In Goodrich-Amram it is said:It [Rule 1148] restricts every defendant to claims which arise from the same transaction or occurrence from which the plaintiff's cause of action arose. . . . No defendant may now set off a claim against the plaintiff simply because its nature is contractual or quasicontractual, as allowed in assumpsit actions. The claim must now arise, in some manner, from the mortgage relationship. A counterclaim could be filed, for example, for damages for breach of warrant of title to the mortgaged premises. [Cf. Wacker v. Straub, 88 Pa. 32 (1879).] . . . 3 Goodrich-Amram 2d, § 1148:1, p. 488.
Id., 283 Pa.Super. at 143-44, 423 A.2d at 1029-30. Thus, our task is to determine whether the facts alleged in the Kasses' counterclaim are "part of, or incident to, the creation of" the mortgage itself.
The Kasses allege, inter alia, that the Overlys made numerous misrepresentations regarding the condition of the premises prior to sale. Now, the Kasses wish to receive a set-off against the mortgage obligation by setting forth allegations of oral representations. More specifically, the representations include that a rusted trailer, a rusted and inoperable truck and a dilapidated lean-to would be removed from the property by the Overlys; that the Kasses *115 would be entitled to about $14,000.00 in consideration of the continued use of their property by the Peoples Natural Gas Company; and that certain crop subsidies would be immediately available to them from the government for growing certain types of crops. These alleged representations concern the agreement of sale, however, and are not part of, or incident to, the creation of the mortgage.
The mortgage is an interest in the mortgaged property created by a written agreement providing security for the payment of a debt or an obligation. None of the facts alleged by the Kasses deals even remotely with the creation of that security interest; rather, they deal with the agreement between the buyers and the sellers of the property. Accordingly, the Kasses' counterclaim does not arise as part of, or incident to, the creation of the mortgage.
The courts power to sever the Kasses' counterclaim is premised on Rule 213 of the Pennsylvania Rules of Civil Procedure. The decision whether to sever a cause of action lies within the discretion of the trial court. Rule 213 of the Pennsylvania Rules of Civil Procedure provides in pertinent part:RULE 213. CONSOLIDATION, SEVERANCE AND TRANSFER OF ACTIONS AND ISSUES. ACTIONS FOR WRONGFUL DEATH AND SURVIVAL ACTIONS. (b) The court, in furtherance of convenience or to avoid prejudice, may on its own motion or on motion of any party, order a separate trial of any number of causes of action, claims, counterclaims, set-offs, cross-suits, or of any separate issue, or of any number of causes of action, claims, countersuits, set-offs, cross-suits, or issues.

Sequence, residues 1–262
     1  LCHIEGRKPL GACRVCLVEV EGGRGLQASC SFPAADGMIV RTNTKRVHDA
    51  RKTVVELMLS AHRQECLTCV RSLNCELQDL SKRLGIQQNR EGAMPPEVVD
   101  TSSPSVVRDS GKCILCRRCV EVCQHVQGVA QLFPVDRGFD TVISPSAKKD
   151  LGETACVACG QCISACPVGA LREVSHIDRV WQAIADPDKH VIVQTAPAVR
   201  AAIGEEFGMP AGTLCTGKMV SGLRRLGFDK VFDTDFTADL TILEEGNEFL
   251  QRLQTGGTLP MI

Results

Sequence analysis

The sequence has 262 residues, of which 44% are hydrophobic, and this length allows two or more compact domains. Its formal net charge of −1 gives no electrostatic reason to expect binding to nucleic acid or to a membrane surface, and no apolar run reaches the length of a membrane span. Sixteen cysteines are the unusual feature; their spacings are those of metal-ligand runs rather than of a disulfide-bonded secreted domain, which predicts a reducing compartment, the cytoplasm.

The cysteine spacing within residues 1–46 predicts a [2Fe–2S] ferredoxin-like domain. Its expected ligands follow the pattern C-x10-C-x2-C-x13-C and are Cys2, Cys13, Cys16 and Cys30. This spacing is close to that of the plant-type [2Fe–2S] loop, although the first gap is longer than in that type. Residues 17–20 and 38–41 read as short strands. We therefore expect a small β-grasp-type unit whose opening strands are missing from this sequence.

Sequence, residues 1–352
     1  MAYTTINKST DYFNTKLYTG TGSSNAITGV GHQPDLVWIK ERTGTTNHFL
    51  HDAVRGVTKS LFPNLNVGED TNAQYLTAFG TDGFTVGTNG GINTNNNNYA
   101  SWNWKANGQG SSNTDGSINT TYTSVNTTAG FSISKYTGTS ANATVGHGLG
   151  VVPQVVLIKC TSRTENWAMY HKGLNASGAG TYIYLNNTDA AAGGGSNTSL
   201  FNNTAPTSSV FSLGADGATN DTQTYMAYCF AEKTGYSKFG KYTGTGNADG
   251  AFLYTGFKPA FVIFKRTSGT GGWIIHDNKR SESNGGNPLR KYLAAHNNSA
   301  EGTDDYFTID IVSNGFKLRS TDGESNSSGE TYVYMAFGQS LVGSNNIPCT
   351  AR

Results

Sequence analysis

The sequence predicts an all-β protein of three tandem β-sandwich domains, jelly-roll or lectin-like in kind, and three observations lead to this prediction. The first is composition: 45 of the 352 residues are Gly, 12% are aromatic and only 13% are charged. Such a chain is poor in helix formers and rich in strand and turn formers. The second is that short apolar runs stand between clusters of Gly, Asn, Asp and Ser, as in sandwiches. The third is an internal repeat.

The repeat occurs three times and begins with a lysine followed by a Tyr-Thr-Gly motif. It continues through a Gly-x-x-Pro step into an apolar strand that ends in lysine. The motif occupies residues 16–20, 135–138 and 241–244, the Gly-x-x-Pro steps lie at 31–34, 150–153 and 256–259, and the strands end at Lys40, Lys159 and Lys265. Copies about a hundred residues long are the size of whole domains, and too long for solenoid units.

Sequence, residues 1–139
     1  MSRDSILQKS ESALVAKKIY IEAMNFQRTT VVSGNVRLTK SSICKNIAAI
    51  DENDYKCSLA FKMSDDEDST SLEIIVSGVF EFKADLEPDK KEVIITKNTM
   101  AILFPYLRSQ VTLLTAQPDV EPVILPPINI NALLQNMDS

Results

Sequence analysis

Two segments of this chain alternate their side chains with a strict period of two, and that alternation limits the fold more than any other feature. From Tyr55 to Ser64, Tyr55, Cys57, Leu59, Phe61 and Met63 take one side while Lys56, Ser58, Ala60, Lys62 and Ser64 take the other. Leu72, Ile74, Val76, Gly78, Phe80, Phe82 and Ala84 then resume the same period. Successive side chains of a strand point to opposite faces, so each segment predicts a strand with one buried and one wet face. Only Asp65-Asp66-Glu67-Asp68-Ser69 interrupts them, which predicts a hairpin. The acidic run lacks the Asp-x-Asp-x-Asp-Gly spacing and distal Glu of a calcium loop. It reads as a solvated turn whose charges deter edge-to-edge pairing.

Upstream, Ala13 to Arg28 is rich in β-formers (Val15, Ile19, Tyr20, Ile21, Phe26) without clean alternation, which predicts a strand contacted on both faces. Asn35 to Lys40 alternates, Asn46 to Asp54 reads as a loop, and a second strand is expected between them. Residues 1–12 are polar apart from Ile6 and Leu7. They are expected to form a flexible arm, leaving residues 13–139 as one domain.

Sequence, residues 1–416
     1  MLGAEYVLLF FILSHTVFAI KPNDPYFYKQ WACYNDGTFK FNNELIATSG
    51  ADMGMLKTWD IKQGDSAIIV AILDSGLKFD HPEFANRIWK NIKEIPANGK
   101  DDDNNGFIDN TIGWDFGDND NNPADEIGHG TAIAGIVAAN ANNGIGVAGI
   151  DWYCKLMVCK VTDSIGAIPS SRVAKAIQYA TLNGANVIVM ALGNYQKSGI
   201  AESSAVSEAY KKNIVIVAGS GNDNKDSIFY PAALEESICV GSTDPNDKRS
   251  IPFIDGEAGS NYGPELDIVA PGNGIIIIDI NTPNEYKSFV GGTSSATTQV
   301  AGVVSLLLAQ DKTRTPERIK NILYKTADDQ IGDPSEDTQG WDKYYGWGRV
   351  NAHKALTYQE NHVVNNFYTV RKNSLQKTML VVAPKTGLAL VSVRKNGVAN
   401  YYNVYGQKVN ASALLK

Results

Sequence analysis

42 Pa. Cons.Stat.Ann. Pa.R.C.P. Rule 213(b) (Purdon 1987 Supp.) (emphasis added). See Kaiser v. Meinzer, 272 Pa.Super. 207, 414 A.2d 1080 (1979), appeal dismissed 498 Pa. 136, 445 A.2d 104 (1982) (Judge invested with responsibilities of trial may on his own motion order a separate trial on any claim or issue if resolution of that claim or issue will expedite adjudication of other claims).
*116 After reviewing the briefs of counsel and carefully considering the Opinion of the trial court, we find the trial court did not err in concluding that the allegations set forth by the Kasses in their counterclaim are too tenuous in that they were not part of, or incident to, the creation of the mortgage itself. Therefore, we find that the trial court did not abuse its discretion by ordering that the Kasses' counterclaim be severed and that it proceed as an action in assumpsit. Since we find that the counterclaim did not arise as part of, nor incident to, the creation of the mortgage itself, there is no genuine issue of triable fact; therefore, the trial court properly entered summary judgment in favor of the Overlys.
The Order of the Court of Common Pleas is affirmed.NOTES
 Pa.R.C.P. Rule 1148 provides:
RULE 1148. COUNTERCLAIM
A defendant may plead a counterclaim which arises from the same transaction or occurrence or series or transactions or occurrences from which the plaintiff's cause of action arose.
 A lean-to is a wing or extension of a building, or a shelter or rough shed, having a roof with only one slope or pitch. Webster's Ninth New College Dictionary, p. 680 (1987).